It’s that time of year again and as I get ready for my annual assault on the Toastmasters International Speech Contest, I find myself thinking a lot about last year’s winner.
Unfortunately, it wasn’t me. My friend, Naoki Tamura, was the 2013 Toastmasters Japan Champion of Public Speaking. His speech, titled “You Decide”, was not only good enough to win the championship contest, it also taught me several important lessons about how to construct and deliver a powerful and memorable message.
A Toastmasters speech is far too often, in Shakespeare’s words, “A tale told by an idiot, full of sound and fury, signifying nothing”. Though the “idiot” part may be debatable, the tale tends to be an entertaining, emotional and histrionic performance, full of sound and fury.
In fact, so skilled are some of the speakers at delivering that performance, that the content sometimes gets short shrift. The same tired truisms of “Be yourself”, “Don’t give up” and “Appreciate your loved ones” are recycled, ad nauseam, through the lens of each speaker’s unique experiences.
They are truisms because they are true, but the result is that watching a Toastmasters’ speech contest can be like judging an angel food cake baking contest. There may be subtle differences in the skill of the baker and the quality of the product, but after a while the cakes all start to taste the same.
That’s why Toastmaster Tamura’s speech stood out so clearly. His journey as a young executive – from being a follower who asks permission, to becoming a leader who makes decisions – was something I had never heard anyone else speak of.
It was his story, but it was about more than his own narrow experience. His story mirrored one of the most fundamental and profound transitions that we pass through in life; the coming of age, when a dependent child becomes an independent adult. It is a transition that we all pass through, in many forms and to different degrees of success in our lives.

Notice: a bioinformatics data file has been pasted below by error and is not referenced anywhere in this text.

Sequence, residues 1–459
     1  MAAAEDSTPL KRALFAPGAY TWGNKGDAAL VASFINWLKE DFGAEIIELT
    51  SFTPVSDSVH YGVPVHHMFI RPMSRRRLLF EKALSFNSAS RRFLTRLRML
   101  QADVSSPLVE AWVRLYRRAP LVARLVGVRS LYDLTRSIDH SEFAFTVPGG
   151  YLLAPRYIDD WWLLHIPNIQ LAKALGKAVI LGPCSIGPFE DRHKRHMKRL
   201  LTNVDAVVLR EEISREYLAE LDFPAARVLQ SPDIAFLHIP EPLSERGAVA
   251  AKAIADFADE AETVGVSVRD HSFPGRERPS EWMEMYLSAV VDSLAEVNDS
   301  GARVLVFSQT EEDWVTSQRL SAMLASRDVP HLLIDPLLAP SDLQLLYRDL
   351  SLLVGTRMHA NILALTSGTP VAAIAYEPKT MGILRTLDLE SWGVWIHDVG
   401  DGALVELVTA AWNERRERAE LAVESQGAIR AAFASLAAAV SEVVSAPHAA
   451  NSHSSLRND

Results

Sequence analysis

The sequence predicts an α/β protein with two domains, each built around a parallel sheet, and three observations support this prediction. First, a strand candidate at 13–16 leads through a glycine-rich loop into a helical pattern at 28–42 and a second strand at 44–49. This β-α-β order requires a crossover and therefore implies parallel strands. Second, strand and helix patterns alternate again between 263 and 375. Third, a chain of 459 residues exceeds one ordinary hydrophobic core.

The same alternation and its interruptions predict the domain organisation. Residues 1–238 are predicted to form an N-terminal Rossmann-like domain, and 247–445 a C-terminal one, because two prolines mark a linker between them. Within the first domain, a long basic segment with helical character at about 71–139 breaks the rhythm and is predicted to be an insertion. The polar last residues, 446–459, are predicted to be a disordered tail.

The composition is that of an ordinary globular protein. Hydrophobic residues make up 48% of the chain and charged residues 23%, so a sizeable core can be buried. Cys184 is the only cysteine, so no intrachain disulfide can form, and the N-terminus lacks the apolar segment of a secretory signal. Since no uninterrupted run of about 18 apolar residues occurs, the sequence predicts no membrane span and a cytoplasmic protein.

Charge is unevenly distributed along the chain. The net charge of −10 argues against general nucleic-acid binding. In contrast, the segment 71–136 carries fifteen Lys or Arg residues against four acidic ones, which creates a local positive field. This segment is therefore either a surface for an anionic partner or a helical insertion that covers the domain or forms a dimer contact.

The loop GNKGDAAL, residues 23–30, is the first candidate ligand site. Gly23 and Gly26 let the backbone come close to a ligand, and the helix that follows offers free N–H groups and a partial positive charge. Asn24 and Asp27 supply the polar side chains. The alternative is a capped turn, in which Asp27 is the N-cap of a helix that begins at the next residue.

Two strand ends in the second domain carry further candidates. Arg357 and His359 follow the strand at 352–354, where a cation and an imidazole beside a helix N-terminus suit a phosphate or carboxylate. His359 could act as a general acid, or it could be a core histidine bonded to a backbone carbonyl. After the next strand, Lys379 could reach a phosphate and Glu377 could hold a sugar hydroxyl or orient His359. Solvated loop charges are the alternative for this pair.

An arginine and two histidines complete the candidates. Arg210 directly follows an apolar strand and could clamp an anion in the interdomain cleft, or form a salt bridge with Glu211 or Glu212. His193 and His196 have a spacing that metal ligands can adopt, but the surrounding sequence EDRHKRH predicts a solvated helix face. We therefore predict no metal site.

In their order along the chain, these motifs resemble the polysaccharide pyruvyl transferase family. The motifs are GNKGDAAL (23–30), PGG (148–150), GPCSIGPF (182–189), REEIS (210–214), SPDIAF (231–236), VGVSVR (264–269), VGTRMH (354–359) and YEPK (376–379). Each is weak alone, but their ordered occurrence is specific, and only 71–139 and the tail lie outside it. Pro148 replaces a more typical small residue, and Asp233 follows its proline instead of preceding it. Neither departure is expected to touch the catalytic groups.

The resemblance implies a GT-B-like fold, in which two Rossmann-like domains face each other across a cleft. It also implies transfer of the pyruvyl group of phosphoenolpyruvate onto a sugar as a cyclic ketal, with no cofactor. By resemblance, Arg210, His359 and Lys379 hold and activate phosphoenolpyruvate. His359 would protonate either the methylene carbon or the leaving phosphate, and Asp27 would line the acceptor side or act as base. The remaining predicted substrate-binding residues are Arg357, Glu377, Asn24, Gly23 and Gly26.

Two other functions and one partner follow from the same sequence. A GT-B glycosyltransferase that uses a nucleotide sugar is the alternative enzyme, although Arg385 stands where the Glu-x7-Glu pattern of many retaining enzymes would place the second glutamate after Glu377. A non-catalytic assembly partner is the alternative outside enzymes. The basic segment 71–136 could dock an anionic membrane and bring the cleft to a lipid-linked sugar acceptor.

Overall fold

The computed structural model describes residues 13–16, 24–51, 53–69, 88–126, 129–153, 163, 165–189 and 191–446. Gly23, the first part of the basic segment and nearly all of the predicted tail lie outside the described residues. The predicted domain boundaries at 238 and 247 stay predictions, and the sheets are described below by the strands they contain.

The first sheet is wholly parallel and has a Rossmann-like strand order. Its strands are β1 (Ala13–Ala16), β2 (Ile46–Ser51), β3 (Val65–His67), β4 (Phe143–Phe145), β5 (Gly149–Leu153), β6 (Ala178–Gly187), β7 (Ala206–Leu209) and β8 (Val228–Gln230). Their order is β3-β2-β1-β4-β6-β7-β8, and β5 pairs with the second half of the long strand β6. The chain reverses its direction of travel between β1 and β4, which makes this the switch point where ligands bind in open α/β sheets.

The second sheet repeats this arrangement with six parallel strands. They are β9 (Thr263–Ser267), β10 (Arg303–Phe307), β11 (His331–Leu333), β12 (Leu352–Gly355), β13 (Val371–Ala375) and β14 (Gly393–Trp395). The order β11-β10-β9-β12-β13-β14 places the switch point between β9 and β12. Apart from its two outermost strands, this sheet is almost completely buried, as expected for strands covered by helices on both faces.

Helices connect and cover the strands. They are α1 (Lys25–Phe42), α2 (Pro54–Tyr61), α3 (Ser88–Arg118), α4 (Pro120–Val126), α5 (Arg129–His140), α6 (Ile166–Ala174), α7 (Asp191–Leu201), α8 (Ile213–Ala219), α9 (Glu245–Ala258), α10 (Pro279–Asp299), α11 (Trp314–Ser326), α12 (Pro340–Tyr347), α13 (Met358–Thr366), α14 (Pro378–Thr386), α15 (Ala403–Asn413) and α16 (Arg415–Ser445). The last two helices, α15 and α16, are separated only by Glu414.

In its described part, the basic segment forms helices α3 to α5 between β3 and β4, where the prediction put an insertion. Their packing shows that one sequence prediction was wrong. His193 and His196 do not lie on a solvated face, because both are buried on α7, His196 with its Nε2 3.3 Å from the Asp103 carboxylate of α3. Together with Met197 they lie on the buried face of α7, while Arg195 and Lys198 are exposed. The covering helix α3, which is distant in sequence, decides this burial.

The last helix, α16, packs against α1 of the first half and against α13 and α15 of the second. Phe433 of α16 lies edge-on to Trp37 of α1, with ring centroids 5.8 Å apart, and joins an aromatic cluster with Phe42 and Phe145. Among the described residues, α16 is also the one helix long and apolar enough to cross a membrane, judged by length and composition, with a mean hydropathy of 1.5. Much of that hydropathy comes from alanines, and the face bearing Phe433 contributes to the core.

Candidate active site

Whether it’s an artist learning to have faith in her unique vision, a new father discovering that he can trust his parenting instincts or a businesswoman finding her own particular management style, the transformation from follower to leader, from novice to master or from subordinate to boss is a fundamental change that forever alters how others see us and how we see ourselves.
Tamura took this rich, complex and universal experience of transformation and boiled it all down to two simple words; “You decide.”
With those two words to guide him, he wrote a lean, tight script packed with humor, vivid language and subtle emotion and he delivered it with his usual confidence and style. His skill as a speaker would have meant nothing though, if he hadn’t been using it to deliver a profound, powerful and original message.
It’s a formula for effective speaking in almost any context. Take a new idea, boil it down to its absolute essence and deliver that with clarity, concision and conviction.
Of course, that’s easy to say, not so easy to do.